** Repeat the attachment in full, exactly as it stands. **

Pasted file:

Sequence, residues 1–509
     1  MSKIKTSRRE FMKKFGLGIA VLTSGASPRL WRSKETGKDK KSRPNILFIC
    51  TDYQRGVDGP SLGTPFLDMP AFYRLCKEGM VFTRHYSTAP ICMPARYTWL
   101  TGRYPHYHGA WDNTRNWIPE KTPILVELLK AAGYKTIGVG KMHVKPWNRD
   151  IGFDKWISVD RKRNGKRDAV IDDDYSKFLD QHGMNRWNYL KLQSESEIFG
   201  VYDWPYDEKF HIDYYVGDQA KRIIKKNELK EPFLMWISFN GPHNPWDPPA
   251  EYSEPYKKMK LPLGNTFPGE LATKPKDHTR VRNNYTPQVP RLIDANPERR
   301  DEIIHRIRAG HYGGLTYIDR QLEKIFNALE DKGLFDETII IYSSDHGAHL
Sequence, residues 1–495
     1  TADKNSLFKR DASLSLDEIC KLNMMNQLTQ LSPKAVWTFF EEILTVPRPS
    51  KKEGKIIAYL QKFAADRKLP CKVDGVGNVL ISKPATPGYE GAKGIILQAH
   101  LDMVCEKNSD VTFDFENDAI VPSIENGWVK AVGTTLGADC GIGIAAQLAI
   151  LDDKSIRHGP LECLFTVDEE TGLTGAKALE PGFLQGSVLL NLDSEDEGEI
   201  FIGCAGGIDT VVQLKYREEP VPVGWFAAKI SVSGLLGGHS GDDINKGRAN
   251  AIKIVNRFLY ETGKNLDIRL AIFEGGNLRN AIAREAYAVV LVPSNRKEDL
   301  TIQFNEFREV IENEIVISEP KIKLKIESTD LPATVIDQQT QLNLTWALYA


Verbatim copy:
Sequence, residues 1–509
     1  MSKIKTSRRE FMKKFGLGIA VLTSGASPRL WRSKETGKDK KSRPNILFIC
    51  TDYQRGVDGP SLGTPFLDMP AFYRLCKEGM VFTRHYSTAP ICMPARYTWL
   101  TGRYPHYHGA WDNTRNWIPE KTPILVELLK AAGYKTIGVG KMHVKPWNRD
   151  IGFDKWISVD RKRNGKRDAV IDDDYSKFLD QHGMNRWNYL KLQSESEIFG
   201  VYDWPYDEKF HIDYYVGDQA KRIIKKNELK EPFLMWISFN GPHNPWDPPA
   251  EYSEPYKKMK LPLGNTFPGE LATKPKDHTR VRNNYTPQVP RLIDANPERR
   301  DEIIHRIRAG HYGGLTYIDR QLEKIFNALE DKGLFDETII IYSSDHGAHL
Sequence, residues 1–495
     1  TADKNSLFKR DASLSLDEIC KLNMMNQLTQ LSPKAVWTFF EEILTVPRPS
    51  KKEGKIIAYL QKFAADRKLP CKVDGVGNVL ISKPATPGYE GAKGIILQAH
   101  LDMVCEKNSD VTFDFENDAI VPSIENGWVK AVGTTLGADC GIGIAAQLAI
   151  LDDKSIRHGP LECLFTVDEE TGLTGAKALE PGFLQGSVLL NLDSEDEGEI
   201  FIGCAGGIDT VVQLKYREEP VPVGWFAAKI SVSGLLGGHS GDDINKGRAN
   251  AIKIVNRFLY ETGKNLDIRL AIFEGGNLRN AIAREAYAVV LVPSNRKEDL
   301  TIQFNEFREV IENEIVISEP KIKLKIESTD LPATVIDQQT QLNLTWALYA